After a very scary October, November was relatively calm.  Our portfolios mostly saw small gains.  Economic data continues to improve overall, with GDP, jobs reports, and recent housing data improving.  When reviewing the current value of different stock market indexes, we continue to see a large divergence.  The S&P 500 (500 stocks) and DOW (30 stocks) continue a slow but steady uptrend, while the Russell 2000 (2,000 stocks) continues to lag.  While it’s encouraging to see the largest companies in America doing well, it is concerning to see smaller companies struggling.

There continues to be various primary indicators and research that tell us the market is overvalued.   There are also lessor indicators that we take into consideration.  For instance, this is longest period of time in the stock market without a 10% draw down in nearly 90 years.  Also, the market has never gone an entire year without four down days in a row (Source:  These are “off the wall” stats, but they are still worth consideration.

However, there are certain areas of the stock market that still have “more room to run” in the near term in our opinion.  We still believe that this is a time for caution, but December is typically a strong month for stocks, so we’re looking to dip our toes into the areas that we feel most confident about.

Bonds continue to be an area of concern, as interest rates have been inching up, causing pain for many conservative bond investors.  In many of our portfolios we have the ability in invest in bond funds that have the potential to profit regardless of which way interest rates are headed.  It’s times like these that we’re glad we have so many tools in our toolbox.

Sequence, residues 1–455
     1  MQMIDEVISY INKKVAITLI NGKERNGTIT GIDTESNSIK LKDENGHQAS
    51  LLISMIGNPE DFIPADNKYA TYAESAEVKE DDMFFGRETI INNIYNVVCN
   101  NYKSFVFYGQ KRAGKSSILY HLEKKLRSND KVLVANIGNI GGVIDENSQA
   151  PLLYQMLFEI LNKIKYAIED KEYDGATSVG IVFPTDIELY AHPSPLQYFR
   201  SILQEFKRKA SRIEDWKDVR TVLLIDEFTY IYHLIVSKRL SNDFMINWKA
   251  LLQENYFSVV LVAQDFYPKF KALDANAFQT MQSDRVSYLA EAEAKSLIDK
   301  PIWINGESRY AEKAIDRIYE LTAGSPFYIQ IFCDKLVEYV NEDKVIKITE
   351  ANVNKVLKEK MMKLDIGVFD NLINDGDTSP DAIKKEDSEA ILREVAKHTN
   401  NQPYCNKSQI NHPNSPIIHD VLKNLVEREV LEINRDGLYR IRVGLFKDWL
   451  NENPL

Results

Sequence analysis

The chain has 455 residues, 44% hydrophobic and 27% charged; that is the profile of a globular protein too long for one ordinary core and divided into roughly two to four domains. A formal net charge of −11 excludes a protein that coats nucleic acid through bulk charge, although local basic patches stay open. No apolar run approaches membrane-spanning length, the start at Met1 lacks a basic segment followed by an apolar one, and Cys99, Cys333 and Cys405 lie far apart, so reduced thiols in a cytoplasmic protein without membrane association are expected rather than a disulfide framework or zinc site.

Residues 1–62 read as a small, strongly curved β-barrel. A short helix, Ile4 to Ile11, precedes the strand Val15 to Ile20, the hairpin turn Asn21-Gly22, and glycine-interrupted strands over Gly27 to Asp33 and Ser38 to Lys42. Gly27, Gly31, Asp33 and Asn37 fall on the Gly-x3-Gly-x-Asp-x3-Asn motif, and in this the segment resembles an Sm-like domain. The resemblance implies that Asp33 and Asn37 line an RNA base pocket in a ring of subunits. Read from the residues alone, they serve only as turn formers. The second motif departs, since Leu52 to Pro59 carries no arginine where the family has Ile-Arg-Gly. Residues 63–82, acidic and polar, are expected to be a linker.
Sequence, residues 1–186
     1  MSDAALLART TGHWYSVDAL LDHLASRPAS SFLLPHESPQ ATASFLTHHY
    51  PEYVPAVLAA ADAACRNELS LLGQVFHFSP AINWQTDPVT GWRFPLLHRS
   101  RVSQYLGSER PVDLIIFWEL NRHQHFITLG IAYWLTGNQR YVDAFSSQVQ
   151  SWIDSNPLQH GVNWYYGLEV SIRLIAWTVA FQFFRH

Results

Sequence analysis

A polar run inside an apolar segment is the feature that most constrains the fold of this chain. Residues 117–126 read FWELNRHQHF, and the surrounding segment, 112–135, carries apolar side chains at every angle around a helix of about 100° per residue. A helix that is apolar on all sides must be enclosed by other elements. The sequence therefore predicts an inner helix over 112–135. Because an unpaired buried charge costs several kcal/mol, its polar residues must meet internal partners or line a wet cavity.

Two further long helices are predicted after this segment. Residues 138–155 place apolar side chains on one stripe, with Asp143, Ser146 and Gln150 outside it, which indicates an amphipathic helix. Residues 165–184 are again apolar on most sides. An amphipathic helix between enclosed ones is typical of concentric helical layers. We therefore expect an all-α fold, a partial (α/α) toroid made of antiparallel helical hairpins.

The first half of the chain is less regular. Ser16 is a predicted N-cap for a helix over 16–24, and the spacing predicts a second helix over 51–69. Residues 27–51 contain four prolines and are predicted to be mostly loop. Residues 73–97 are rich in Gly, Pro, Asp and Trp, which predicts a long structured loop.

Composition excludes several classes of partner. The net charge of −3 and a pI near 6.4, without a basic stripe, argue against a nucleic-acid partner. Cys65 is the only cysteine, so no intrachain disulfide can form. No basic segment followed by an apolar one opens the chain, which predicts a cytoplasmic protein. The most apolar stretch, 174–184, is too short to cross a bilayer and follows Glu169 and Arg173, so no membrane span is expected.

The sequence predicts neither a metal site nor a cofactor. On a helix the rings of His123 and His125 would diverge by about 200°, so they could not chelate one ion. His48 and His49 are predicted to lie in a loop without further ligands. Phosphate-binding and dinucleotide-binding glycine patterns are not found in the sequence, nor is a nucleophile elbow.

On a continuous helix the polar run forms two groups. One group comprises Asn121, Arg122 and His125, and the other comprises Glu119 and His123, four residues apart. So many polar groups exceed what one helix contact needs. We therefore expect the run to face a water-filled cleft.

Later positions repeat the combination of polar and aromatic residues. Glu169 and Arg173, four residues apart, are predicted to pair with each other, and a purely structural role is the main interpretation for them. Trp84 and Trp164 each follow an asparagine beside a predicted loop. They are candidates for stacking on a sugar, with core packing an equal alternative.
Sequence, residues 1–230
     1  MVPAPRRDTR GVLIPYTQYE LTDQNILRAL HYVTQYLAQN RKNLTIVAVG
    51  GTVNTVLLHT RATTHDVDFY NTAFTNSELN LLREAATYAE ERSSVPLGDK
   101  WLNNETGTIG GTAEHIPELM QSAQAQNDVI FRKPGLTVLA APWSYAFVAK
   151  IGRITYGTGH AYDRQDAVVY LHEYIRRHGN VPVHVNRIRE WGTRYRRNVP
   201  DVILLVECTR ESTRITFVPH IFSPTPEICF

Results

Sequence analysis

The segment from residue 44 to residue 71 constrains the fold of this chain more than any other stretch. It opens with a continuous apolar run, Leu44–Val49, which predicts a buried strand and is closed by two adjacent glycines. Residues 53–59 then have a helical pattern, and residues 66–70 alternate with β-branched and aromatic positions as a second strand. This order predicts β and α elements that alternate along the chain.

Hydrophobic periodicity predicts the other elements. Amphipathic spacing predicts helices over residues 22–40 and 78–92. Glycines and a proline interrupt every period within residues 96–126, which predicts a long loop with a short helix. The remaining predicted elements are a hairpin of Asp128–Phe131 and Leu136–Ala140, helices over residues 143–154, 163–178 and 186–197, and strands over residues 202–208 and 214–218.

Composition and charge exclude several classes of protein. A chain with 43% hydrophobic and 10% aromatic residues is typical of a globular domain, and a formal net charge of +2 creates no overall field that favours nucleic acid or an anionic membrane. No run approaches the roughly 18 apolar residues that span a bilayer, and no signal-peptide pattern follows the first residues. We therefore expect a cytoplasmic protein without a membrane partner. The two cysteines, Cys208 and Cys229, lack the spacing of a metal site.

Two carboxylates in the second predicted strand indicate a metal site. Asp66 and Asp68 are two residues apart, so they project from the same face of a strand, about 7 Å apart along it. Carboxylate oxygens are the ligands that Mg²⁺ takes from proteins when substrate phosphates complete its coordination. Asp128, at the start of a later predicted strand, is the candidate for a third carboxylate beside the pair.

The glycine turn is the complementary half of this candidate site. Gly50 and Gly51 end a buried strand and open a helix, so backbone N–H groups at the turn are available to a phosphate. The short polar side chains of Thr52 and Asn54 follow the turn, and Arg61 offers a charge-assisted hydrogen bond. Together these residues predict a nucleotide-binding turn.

If you have any questions please give us a call.  Please feel free to share this market commentary with family, friends, and business colleagues.


Cranberries? – The Department of Agriculture says it’s buying $55 million worth of cranberries to reduce a huge market surplus and falling prices; the cranberries will be donated to food banks and other low-income programs. The agency is facing pressure from the Congressional Cranberry Caucus, an actual organization that was formerly co-chaired by John Kerry – MarketWatch, November 26, 2014

When does it end? – The current bull market is the longest continuous bull market without a 10% correction since the crash of 1929 – MarketWatch, October 6, 2014

Apple of my eye – iPhone sales add an estimated one-quarter to one-third of a percentage point to the annualized growth rate of the United States’ GDP. – The New York Times, October 26, 2014

Black Friday – Historian Nancy Koehn claims that factory managers started calling the day after Thanksgiving “black Friday” because so many workers would call in sick, as if everyone had the black plague. It wasn’t until the 1970s and ’80s that retailers began to emphasize the connection between the day after Thanksgiving and the start of the holiday shopping season.” – The Atlantic, November 27, 2014

Copper Bug – A single buyer has snapped up more than half the copper held in London Metal Exchange warehouses – enough to build 1,700 Statues of Liberty.– The Wall Street Journal, November 7, 2014

Children Living Longer – For the first time, both boys and girls born today can expect to live to at least 90 years of age. Longer lifespans are estimated to add roughly 7% to the amount corporate pensions must set aside. – Time, October 28, 2014

Car Accidents – Crash dummies are getting fatter to address the fact that obese people are 78% more likely to die in a car crash. Dummies currently are modeled on a person weighing 167 pounds; a new prototype weighs 273 pounds. – CNN, October 23, 2014

The Rising Cost of College – Nearly half of all college graduates now say they would have considered not going to college had they known the impact student loans would have on their lives. – Marketwatch, November 20, 2014